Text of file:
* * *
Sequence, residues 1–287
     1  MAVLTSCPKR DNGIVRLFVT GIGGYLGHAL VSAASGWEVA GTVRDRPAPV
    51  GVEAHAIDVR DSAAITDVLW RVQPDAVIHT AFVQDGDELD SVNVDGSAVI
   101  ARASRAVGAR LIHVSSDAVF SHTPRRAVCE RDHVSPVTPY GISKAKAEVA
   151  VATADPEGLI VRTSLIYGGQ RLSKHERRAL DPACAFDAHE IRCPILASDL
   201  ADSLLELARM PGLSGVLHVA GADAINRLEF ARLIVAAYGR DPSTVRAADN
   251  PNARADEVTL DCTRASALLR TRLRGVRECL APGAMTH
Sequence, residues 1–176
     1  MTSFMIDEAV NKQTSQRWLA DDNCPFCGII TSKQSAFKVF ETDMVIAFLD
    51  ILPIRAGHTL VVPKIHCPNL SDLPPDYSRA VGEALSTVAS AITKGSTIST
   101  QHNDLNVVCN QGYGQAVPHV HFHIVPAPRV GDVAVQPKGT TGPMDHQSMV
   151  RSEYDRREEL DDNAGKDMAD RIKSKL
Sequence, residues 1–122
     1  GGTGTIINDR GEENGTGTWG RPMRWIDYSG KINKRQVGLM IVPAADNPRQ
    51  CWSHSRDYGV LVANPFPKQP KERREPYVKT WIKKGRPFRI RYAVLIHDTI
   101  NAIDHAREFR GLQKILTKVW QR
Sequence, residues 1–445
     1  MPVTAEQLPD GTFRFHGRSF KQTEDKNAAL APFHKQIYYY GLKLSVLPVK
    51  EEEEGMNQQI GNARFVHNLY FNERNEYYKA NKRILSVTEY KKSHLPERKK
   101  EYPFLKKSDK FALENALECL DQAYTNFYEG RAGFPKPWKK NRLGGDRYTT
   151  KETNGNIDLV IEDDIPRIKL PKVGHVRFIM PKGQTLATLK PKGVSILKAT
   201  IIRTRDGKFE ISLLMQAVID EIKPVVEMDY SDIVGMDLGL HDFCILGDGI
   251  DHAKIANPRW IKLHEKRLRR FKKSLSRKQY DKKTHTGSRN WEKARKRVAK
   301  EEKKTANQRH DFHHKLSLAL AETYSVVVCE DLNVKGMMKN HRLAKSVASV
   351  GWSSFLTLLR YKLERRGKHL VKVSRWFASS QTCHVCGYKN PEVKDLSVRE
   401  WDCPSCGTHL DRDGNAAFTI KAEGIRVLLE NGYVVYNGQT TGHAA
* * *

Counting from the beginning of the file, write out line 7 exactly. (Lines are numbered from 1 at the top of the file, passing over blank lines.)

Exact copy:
   251  PNARADEVTL DCTRASALLR TRLRGVRECL APGAMTH